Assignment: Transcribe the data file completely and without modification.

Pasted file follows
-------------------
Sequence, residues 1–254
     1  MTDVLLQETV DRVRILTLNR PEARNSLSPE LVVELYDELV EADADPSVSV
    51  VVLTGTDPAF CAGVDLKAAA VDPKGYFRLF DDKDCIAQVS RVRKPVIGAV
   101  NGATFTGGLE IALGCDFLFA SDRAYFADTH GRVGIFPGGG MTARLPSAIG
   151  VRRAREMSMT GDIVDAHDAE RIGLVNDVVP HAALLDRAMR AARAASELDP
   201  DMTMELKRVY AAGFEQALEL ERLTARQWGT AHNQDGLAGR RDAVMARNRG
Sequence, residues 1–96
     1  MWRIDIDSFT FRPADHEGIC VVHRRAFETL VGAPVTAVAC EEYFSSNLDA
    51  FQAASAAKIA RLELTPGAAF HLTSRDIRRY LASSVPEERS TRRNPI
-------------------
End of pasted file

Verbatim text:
Sequence, residues 1–254
     1  MTDVLLQETV DRVRILTLNR PEARNSLSPE LVVELYDELV EADADPSVSV
    51  VVLTGTDPAF CAGVDLKAAA VDPKGYFRLF DDKDCIAQVS RVRKPVIGAV
   101  NGATFTGGLE IALGCDFLFA SDRAYFADTH GRVGIFPGGG MTARLPSAIG
   151  VRRAREMSMT GDIVDAHDAE RIGLVNDVVP HAALLDRAMR AARAASELDP
   201  DMTMELKRVY AAGFEQALEL ERLTARQWGT AHNQDGLAGR RDAVMARNRG
Sequence, residues 1–96
     1  MWRIDIDSFT FRPADHEGIC VVHRRAFETL VGAPVTAVAC EEYFSSNLDA
    51  FQAASAAKIA RLELTPGAAF HLTSRDIRRY LASSVPEERS TRRNPI